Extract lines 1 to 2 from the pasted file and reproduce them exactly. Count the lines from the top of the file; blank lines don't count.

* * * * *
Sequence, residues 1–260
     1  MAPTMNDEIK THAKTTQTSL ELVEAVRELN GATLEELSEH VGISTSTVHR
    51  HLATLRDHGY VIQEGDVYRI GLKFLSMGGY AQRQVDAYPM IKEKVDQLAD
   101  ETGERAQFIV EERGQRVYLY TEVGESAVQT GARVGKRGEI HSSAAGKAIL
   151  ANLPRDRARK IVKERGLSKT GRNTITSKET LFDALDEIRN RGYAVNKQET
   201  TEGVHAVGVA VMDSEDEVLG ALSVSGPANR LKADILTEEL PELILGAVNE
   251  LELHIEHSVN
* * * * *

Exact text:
Sequence, residues 1–260
     1  MAPTMNDEIK THAKTTQTSL ELVEAVRELN GATLEELSEH VGISTSTVHR